Secretly obsessed with the ancient layers of brilliantly splattered paint covering the deep shop sink, I had no idea that someone like Jackson Pollock existed much less was celebrated for making paintings that looked exactly like that. What I was good at was obeying. I found solace in following directions well. My prodigy dreams were ebbing as my art nun stringently guided me to make my work as precisely as good as someone else’s artwork.
At the end of the school year our nun threw an art show. Canvasses of puppy baskets and tremulously flowered china were displayed and carefully lit in our school’s lofty and forbidding marble foyer. Cubes of cheese, Ritz crackers and sparking apple juice were served as parents peered at what their little girls crafted every Wednesday from precisely 2:45 to 3:45. My parents were deeply impressed with my paintings; our goofy golden retriever Percy, appeared almost noble in profile, on the beach, a winter cabin nestled in the white woods somewhere in New England, a boat on a choppy bay, in front of a sun bleached wharf. These paintings still crowd my mother’s walls, forty years later.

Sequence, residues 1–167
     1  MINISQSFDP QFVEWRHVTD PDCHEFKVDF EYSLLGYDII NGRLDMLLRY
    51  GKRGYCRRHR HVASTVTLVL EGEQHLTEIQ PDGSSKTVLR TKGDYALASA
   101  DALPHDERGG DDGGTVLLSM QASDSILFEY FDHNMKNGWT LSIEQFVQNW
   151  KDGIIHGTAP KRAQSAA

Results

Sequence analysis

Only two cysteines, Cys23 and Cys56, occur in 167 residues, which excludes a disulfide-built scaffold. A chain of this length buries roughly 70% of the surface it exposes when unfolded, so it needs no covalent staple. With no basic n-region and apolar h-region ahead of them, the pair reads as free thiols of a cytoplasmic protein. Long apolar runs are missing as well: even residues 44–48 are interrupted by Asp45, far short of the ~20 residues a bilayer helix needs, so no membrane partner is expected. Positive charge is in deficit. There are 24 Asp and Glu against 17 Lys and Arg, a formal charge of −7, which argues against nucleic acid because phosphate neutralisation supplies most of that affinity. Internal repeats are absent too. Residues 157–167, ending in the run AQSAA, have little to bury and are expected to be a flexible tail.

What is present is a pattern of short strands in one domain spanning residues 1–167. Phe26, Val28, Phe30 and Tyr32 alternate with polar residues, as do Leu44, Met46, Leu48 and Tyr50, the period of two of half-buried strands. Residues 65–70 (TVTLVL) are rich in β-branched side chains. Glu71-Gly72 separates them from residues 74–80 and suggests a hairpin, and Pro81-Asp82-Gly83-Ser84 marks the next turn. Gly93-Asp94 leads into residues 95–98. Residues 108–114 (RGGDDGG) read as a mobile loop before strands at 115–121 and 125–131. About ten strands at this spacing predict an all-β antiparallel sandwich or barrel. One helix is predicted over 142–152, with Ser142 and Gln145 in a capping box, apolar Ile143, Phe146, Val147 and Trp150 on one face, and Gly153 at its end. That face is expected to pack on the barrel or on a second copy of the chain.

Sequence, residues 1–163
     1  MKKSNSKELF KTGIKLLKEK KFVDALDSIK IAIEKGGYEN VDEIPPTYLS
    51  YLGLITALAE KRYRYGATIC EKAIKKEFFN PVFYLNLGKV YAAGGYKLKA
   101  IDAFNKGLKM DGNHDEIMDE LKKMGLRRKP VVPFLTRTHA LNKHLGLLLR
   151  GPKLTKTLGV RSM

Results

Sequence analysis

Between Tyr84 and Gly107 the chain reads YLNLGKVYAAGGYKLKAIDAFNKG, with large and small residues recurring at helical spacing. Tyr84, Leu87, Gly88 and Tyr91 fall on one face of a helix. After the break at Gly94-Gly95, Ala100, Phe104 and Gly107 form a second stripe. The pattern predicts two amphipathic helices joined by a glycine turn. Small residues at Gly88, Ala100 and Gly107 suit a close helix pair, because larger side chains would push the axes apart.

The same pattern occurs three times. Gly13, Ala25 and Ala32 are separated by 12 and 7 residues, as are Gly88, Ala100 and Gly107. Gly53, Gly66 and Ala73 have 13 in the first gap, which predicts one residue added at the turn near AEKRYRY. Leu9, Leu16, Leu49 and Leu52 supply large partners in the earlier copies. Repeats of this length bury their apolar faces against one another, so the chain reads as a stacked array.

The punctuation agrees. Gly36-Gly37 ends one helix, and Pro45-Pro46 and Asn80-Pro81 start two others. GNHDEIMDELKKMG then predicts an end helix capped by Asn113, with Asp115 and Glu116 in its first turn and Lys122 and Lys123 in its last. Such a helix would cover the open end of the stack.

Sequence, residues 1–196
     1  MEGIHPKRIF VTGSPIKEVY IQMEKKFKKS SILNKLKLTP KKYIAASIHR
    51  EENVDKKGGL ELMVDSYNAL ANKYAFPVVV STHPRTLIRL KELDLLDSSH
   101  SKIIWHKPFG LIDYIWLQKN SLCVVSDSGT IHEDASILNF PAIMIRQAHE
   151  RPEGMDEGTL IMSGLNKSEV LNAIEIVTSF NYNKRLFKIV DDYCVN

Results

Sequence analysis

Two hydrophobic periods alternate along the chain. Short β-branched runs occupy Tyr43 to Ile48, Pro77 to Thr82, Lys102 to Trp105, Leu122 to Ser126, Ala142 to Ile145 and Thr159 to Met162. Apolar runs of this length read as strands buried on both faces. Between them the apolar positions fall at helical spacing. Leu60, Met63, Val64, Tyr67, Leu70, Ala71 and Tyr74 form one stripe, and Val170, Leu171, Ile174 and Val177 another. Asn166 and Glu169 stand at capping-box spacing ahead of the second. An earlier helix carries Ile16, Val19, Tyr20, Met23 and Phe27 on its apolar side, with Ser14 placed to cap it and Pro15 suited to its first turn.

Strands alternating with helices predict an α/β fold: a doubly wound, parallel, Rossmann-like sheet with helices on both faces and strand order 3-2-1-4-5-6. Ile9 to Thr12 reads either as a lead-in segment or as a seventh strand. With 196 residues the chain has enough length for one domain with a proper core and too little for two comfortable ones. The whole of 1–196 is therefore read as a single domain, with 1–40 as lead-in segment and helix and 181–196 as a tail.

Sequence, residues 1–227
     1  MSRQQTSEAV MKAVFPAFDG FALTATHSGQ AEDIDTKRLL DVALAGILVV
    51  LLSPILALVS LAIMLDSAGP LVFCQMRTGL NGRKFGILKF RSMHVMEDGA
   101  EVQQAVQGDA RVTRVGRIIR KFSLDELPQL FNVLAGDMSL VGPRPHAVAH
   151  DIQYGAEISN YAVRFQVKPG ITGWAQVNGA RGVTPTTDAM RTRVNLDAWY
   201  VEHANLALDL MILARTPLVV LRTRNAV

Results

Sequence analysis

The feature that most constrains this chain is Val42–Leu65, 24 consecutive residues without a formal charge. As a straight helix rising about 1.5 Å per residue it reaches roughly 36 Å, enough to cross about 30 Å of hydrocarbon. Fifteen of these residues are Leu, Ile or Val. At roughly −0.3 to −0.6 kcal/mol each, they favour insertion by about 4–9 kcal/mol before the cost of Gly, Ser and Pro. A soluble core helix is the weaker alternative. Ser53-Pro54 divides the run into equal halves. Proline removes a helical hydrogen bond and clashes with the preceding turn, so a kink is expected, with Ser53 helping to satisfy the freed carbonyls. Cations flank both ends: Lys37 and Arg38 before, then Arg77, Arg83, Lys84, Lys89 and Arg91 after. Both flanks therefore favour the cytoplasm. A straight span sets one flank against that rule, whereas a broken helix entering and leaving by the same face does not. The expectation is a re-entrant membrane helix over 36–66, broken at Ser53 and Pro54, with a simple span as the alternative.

My dad even brought some of my canvases to work, where co-workers offered him money for them. But he refused. People asked me to paint pictures for them. But I refused. My parents chalked it up to me being thirteen and uncompliant, but I had an unpleasant secret and it wasn’t one they’d covered on One Day at A Time, starring Valerie Bertinelli- to whom I still harbored a bonfire of burning prodigy-jealousy, buried deep in my heart.